Ask an Expert: What can I do about my 13-year-old who doesn’t want to do family things anymore?

Teenager doesn't want to do things with family

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If a 13-year-old decides he/she does no longer want to go out with the rest of the family (to visit uncles or go to church etc) what is the smartest course of action without being a dictator?

Wanting to avoid hanging out with the family is a pretty normal part of adolescence that is often a result of the social. emotional and physical changes that begin to take place as they hit puberty. As children get older they crave that greater independence and see time away from the family as one of the ways to gain that experience.

At 13 however, I think it is still fair for you as parents to expect kids to do things as a family. They still need to respect the family unit and your desire to have them still be present at certain outings. In saying that, perhaps you could come to some compromises with regard to them coming with you. There is no fun going out with a sulky teen that is burying their heads in a device, earphones on and not interacting, so there needs to be a compromise that suggests there are certain things they need to attend in order for them to enjoy the many privileges they have as a result of being part of your family.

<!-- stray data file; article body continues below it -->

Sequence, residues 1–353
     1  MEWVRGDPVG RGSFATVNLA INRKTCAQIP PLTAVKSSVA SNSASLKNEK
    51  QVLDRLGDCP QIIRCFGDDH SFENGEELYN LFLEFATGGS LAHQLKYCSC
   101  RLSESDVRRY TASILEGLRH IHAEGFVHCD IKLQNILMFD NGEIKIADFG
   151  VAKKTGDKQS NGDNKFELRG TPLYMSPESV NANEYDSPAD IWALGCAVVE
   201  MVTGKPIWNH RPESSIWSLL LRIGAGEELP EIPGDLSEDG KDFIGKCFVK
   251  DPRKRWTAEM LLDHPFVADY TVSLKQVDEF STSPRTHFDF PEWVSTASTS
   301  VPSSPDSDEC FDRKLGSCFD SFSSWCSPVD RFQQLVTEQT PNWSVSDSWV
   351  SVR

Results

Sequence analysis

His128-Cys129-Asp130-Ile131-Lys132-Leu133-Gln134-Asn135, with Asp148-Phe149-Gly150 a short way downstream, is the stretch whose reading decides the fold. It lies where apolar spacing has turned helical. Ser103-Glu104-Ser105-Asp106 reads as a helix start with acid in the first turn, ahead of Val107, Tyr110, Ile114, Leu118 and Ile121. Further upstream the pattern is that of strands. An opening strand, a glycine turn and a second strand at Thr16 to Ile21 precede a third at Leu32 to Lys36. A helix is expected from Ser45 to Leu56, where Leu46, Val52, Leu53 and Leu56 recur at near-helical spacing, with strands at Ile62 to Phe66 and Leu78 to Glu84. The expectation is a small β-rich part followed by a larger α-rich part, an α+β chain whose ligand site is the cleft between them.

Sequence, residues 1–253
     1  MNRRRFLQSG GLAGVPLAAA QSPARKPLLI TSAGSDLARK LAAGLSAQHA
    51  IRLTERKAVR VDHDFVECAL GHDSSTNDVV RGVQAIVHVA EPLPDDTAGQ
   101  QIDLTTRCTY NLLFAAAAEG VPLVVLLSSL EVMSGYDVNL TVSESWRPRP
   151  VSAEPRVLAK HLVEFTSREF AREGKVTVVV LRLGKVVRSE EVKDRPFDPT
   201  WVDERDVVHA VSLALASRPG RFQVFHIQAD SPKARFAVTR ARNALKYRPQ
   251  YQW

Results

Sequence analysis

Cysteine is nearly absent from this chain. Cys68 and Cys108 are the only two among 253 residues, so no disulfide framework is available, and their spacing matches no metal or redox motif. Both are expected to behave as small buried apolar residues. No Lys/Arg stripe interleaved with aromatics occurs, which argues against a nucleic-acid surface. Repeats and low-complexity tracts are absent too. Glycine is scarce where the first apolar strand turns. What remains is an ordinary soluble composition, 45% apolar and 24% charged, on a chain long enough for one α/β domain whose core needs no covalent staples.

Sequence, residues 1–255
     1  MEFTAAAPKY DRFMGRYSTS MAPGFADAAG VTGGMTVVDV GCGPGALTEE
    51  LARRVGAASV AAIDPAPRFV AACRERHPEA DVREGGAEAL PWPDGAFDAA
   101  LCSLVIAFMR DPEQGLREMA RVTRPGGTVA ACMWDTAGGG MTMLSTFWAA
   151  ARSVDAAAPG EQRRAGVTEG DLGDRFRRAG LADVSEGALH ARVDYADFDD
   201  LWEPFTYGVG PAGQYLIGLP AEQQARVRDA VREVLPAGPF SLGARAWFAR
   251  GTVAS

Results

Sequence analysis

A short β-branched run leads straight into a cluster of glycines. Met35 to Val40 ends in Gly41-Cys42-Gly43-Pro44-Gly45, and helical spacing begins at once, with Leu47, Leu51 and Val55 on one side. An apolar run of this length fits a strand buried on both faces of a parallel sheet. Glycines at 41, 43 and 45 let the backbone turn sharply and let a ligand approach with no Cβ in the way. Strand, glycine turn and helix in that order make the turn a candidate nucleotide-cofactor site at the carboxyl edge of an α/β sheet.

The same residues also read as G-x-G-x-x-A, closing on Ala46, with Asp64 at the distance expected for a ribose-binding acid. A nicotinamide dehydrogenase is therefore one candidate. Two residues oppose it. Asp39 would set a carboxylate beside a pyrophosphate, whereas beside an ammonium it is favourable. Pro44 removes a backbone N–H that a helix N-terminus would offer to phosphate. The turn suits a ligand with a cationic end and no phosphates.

Maybe you could suggest that they must go to uncle’s birthday barbecue and then when you get home they could have a friend over or go out somewhere with friends. I would try to communicate it in a way that suggests a need for balance between time with the family and time on their own or with friends.

Martine Oglethorpe, cyber safety consultant, family counsellor, speaker on parenting with technology,


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  1. Good answer Martine, I do think there needs to be a balance. I am very sympathetic to my two teens wanting to do their own thing and to not spend so much time with the rest of the family. It’s a long time since I was a teenager but I do remember well the horror of long family visits. We do bargain with our teenagers and tend not to be too demanding… but when we are firm and insist they come, they do toe the line.

    I find with the teens that if we are reasonable they can be too… not always! We do have consequences … and the treat of them for desperate moments… we pay the electricity bill and we own the modem, great bargaining tools. But I start in a place of knowing they need solitude and independence. Maybe this is easier as we still have the two younger children and so are often relieved not to take all four kids out with us.
    Seana – Sydney, Kids, Food + Travel recently posted..Our Top 21 Things To Do In Jervis Bay With KidsMy Profile



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